How Synthetic Data Can Help You Protect Your Privacy

Synthetic Data Generation

As AI and machine learning grow more widespread, privacy concerns are arising. It is hard for software engineers and data scientists to experiment and innovate with real data without exposing private information.

Synthetic data is a privacy-preserving alternative that allows for the same benefits as real data without the risks of disclosure. Here are some of the ways synthetic data can help you:

Privacy-Preserving Data

Using real data to build and test new ideas is great, but it can be difficult for teams that need access to sensitive information to get the data they need. Privacy-preserving synthetic data is an alternative that allows organizations to reduce restrictions on data usage while safeguarding the privacy of individuals and improving transparency around data processing and analytics.

To create synthetic data, a statistical model of the original dataset is created and then sampled to generate new data points. Sensitive data can be replaced with fictitious values to maintain privacy, such as removing personal names with Gretel Transform before sampling the original data set.

Synthetic data is also useful for testing software, as it can help scientists perfect the code before they get access to the actual production data. This can save time and avoid costly mistakes that could compromise security or privacy.

Increased Speed and Agility

When a team needs to test new software or improve machine learning models, they can use synthetic data. The data doesn’t have any personal information, so they can work with it more quickly and without privacy concerns.

This is especially important when it comes to testing new algorithms or ensuring compliance with data regulations such as GDPR or HIPAA. Data breaches or leaks can cost businesses big and damage their reputation. With synthetic data, they can ensure the accuracy of their models while complying with regulations and protecting the privacy of real customers.

The ability to work with data at scale and increase the speed of their work is a game changer for many organizations. With the right technology, the resulting data set can even offer safeguards against adversarial attacks.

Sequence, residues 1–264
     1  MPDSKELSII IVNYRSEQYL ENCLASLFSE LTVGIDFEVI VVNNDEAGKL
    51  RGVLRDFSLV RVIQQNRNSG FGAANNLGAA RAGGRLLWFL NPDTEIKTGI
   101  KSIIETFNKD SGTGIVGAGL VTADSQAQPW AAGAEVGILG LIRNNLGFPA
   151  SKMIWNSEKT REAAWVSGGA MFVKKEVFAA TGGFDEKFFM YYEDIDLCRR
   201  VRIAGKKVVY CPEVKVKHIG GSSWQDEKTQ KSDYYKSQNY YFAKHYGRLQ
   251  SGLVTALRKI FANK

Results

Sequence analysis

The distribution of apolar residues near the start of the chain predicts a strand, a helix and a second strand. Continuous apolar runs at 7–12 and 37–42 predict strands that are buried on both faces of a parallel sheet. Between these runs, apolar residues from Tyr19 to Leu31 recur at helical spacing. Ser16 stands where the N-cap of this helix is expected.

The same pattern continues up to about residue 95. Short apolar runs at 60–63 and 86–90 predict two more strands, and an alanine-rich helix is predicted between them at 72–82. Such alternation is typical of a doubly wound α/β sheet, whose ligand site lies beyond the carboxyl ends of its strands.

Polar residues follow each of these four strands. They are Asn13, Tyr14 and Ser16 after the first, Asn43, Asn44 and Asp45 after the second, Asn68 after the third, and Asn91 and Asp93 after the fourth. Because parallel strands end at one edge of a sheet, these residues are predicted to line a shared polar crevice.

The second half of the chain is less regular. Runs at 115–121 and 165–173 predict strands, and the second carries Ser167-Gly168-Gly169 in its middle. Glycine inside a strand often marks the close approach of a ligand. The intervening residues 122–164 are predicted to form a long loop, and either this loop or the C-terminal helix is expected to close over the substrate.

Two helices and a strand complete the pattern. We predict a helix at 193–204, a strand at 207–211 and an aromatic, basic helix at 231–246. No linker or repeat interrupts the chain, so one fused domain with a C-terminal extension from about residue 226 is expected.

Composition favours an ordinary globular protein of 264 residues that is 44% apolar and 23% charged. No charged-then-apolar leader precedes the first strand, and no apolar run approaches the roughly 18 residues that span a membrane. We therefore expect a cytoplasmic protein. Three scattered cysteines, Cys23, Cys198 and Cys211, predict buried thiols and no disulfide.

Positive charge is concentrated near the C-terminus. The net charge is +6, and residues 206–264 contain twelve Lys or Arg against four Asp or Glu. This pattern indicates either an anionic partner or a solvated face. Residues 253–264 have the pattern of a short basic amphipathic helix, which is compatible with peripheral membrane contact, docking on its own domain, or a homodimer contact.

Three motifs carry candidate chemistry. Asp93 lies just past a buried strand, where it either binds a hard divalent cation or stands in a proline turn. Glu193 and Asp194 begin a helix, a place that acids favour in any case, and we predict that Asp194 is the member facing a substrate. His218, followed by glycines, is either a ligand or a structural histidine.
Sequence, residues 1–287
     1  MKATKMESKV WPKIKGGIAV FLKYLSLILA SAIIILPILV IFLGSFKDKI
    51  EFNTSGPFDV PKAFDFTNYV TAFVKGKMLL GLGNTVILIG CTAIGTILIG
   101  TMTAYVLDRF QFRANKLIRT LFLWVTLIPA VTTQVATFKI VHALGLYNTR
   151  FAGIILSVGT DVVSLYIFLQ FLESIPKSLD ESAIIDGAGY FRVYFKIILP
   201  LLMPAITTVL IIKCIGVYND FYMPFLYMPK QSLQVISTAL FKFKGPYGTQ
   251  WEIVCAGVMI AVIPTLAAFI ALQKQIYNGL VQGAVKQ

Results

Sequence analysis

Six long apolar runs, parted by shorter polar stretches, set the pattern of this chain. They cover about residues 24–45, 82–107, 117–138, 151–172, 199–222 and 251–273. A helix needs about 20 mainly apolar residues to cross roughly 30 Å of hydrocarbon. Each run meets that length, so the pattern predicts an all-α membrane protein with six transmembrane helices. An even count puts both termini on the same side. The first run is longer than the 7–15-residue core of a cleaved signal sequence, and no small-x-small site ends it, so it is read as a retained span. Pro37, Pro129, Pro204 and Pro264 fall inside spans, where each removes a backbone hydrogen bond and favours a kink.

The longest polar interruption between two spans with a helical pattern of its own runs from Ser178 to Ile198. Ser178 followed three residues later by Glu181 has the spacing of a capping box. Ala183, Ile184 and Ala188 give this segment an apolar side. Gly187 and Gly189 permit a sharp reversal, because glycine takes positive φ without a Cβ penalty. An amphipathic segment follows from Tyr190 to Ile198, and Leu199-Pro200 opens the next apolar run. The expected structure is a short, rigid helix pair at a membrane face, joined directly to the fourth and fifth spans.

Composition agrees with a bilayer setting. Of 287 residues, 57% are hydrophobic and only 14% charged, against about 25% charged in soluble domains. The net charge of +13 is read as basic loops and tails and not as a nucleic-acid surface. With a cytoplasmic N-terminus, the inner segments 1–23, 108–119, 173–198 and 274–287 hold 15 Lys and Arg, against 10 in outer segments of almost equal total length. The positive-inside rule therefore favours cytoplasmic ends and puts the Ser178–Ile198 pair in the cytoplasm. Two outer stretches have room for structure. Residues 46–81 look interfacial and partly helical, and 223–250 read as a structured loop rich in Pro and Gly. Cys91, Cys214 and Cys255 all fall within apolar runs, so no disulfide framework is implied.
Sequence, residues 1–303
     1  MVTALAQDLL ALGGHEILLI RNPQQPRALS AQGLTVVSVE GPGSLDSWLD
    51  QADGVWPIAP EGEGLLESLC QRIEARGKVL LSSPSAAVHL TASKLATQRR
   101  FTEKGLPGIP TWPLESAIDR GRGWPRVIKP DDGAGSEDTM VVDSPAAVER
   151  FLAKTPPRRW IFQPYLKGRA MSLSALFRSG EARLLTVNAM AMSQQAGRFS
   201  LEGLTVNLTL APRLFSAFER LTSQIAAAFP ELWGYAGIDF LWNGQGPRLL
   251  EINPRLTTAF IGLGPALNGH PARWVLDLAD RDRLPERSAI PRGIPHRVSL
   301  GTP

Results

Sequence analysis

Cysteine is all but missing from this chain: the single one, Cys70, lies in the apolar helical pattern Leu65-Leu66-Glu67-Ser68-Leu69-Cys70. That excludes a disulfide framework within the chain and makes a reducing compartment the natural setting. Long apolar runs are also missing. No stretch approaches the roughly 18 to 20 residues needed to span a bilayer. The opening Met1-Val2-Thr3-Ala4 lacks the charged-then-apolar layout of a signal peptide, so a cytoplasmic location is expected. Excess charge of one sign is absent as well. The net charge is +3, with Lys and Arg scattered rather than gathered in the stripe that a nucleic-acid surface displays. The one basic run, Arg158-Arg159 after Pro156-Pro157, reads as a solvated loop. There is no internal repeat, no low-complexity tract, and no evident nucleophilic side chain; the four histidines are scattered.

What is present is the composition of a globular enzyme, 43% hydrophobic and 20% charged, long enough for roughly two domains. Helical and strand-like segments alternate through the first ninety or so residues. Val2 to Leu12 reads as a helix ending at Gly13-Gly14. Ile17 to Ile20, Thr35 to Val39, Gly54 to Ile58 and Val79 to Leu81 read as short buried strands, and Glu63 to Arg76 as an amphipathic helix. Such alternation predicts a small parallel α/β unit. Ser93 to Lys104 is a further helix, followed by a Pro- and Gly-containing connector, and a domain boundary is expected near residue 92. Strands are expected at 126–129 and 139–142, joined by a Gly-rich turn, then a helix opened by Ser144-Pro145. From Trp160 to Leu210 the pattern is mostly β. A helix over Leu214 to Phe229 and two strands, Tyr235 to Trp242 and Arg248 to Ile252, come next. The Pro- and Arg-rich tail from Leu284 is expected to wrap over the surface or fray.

Unlock Any Use of Data

As artificial intelligence and machine learning continue to grow and find applications in areas like health care, financial analysis, and art, people are concerned about how these systems might reveal private information or lead to discrimination. Synthetic data can help address those concerns by providing software developers and researchers something that resembles real data but doesn’t contain any of the same information.

And because synthetic data is not tied to any particular individual or household, it’s outside the scope of most privacy laws, making it a great tool for companies that need to stay data-driven but also follow strict regulations. This makes it easier to share with external parties, researchers, and developers. It also simplifies compliance with regulations such as GDPR, HIPAA, and more.


One of the most important things to keep in mind when using synthetic data is adherence to privacy laws and regulations. Sharing or misusing personal data can result in expensive lawsuits, which can damage the company’s brand image.

With synthetic data, companies can meet compliance requirements without compromising the privacy of their customers or employees. It also helps them avoid the risks associated with re-identification attacks that could occur if the data was shared or analyzed in its original form.

To generate synthetic data, the source dataset is modeled using various AI machine learning techniques. The model then produces synthetic data that can be used in place of the real-world data without re-identifying individuals. This allows organizations to use data for business purposes such as improving the accuracy of AI models and increasing the speed of product development and testing.


To test their software applications and machine learning models, software engineers and data scientists require large volumes of real data. However, obtaining this data can be time-consuming and expensive. This is especially true for personal or sensitive information.

Privacy laws such as GDPR and CCPA limit how long companies can store and access data for analysis. Synthetic data avoids these restrictions as it is created by removing the variables that have no analytic value from a source dataset, and is not tied to a specific individual.

Providing access to this new, synthetic data generation can eliminate the need for lengthy procedures and enables organizations to be more agile with their internal sensitive data. This can help organizations grow their data-driven revenue streams without compromising privacy or safety regulations.

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